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" God's true worship : lastly, whatsoever in religion is holy and sublime, in virtue amiable or grave, whatsoever hath passion or admiration in all the changes of that which is called fortune from without, or the wily subtleties and refluxes of man's thoughts... "
The Defender - Page 17
1855
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A Treatise on Christian Doctrine: Compiled from the Holy ..., Volume 1

John Milton - 1825 - 458 pages
...admiration in all the changes of that which is called fortune from without, or the wily subtleties and refluxes of man's thoughts from within ; all these things with a solid and treatable smoothness to paint out and describe; teaching over the whole book of sanctity and virtue, through all the instances...
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Examples of English Prose: From the Reign of Elizabeth to the Present Time ...

George Walker - 1825 - 615 pages
...admiration in all the changes of that which is called fortune from without, or the wily subtleties and refluxes of man's thoughts from within ; all these things with a solid and treatable smoothness to paint out and describe. Teaching over the whole book of sanctity and virtue, through all the instances...
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Some account of the life and writings of John Milton

Henry John Todd - 1826
...admiration in all the changes of that, which is called fortune from without, or the wily subtleties and refluxes- of man's thoughts from within ; all these things, with a solid and treatable smoothness to paint out and describe, teaching over the whole book of sanctity and virtue, through all the instances...
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A Selection from the English Prose Works of John Milton, Volume 1

John Milton - 1826
...admiration in all the changes of that which is called fortune from without, or the wily subtleties and refluxes of man's thoughts from within ; all these things with a solid and treatable smoothness to paint out and describe, teaching over the whole book of sanctity and virtue, through all the instances...
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The Christian Examiner, Volume 3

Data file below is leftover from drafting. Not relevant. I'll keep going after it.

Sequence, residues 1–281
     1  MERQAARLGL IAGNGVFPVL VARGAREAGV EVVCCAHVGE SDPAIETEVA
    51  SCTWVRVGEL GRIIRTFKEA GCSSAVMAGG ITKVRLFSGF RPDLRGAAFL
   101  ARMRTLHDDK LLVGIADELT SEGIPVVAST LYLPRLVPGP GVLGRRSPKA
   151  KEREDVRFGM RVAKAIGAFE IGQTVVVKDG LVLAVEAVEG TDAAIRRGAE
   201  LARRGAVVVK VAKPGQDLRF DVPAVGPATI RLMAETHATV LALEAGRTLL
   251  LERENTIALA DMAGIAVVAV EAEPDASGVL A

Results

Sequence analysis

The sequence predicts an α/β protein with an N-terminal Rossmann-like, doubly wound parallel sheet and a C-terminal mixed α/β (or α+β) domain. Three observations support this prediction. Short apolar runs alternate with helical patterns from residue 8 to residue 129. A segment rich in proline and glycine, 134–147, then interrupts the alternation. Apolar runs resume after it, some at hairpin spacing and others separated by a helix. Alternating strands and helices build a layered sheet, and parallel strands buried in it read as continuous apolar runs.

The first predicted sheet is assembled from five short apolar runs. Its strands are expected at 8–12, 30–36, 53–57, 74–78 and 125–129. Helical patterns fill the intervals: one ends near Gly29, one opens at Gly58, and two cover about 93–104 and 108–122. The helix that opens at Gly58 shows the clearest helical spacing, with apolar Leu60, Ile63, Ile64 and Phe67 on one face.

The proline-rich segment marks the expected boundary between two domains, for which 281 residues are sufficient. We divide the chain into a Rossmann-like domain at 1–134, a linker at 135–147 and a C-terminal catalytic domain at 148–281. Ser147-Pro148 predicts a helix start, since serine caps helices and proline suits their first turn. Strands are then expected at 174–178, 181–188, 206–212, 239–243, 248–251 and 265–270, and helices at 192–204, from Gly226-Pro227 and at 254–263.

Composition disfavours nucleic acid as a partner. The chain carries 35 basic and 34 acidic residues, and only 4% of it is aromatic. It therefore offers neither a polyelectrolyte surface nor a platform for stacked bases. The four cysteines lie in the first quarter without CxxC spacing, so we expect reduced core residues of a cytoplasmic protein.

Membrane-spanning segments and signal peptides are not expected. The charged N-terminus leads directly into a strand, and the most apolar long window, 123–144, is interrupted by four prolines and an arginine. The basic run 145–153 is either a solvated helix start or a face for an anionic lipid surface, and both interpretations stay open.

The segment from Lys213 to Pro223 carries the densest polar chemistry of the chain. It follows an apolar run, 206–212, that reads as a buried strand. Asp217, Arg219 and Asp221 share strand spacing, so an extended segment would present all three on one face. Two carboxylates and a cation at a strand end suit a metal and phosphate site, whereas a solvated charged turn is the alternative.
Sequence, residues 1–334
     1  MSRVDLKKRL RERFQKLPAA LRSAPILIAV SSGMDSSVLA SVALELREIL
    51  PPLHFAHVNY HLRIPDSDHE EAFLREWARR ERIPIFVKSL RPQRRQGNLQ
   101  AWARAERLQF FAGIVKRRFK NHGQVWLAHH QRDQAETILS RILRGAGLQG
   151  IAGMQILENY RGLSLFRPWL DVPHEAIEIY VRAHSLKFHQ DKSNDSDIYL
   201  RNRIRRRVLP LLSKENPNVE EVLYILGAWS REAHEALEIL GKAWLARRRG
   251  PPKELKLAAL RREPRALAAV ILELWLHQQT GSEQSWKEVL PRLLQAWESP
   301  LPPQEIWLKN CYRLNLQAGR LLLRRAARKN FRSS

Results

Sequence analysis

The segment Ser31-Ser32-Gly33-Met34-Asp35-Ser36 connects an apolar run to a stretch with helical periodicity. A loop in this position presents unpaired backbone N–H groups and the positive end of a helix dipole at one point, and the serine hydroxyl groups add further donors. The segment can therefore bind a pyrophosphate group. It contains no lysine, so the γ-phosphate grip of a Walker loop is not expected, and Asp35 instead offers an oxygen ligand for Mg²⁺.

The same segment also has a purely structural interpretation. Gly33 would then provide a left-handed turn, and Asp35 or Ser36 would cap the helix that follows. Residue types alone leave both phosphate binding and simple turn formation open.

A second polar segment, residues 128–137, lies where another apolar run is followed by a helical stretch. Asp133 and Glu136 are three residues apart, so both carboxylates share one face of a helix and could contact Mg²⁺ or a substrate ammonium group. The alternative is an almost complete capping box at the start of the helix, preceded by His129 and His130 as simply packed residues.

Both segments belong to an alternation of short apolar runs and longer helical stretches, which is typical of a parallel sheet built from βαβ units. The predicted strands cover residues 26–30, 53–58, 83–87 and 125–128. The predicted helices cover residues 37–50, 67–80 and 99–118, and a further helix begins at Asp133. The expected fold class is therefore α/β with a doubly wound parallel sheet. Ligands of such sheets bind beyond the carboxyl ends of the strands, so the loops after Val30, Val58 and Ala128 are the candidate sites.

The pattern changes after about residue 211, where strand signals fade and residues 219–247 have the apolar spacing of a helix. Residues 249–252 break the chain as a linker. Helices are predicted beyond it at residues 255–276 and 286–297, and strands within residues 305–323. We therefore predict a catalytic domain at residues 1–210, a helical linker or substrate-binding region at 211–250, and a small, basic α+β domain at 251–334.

1826
...admiration in all the changes of that which is called fortune from without, or the wily subtleties and refluxes of man's thoughts from within; all these things with a solid and treatable smoothness to paint out and describe." Vol. I. p. 120. He then gives intimations of his having proposed to himself...
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The Poetical Works of John Milton: With Notes of Various Authors, Volume 1

John Milton - 1826
...admiration in all the changes of that, which is called fortune from without, or the wily subtleties and refluxes of man's thoughts from within; all these things, with a solid and treatable smoothness to paint out and describe, teaching over the whole book of sanctity and virtue, through all the instances...
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American Tracts

1827
...admiration in all the changes of that which is called fortune from without : or the wily subtleties and refluxes of man's thoughts from within ; all these things with a solid and treatable smoothness to paint out and describe.. Vol. I. p. 120. He then gives intimations of his having proposed to himself...
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The Christian Spectator, Volume 1

1827
...admiration in all the changes of that which is called fortune from without, or the wily subtleties and refluxes of man's thoughts from within ; all these...teaching over the whole book of sanctity and virtue, through all the instances of example, with such delight to those especially of soft and delicious temper,...
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Remarks on the Character and Writings of John Milton: Occasioned by the ...

William Ellery Channing - 1828 - 116 pages
...admiration in all the changes of that which is called fortune from without, or the wily subtleties and refluxes of man's thoughts from within; all these things with a solid and treatable smoothness to paint out and describe.' Vol. I. pp. 145, 6. He then gives intimations of his having proposed to himself...
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The Pamphleteer, Volume 29

1828
...admiration in all the changes of that which is called fortune from without; or the wily subtleties and refluxes of man's thoughts from within ; all these things with a solid and treatable smoothness to paint mil and describe.' Vol. ip 120. He then gives intimations of his having proposed to himself...
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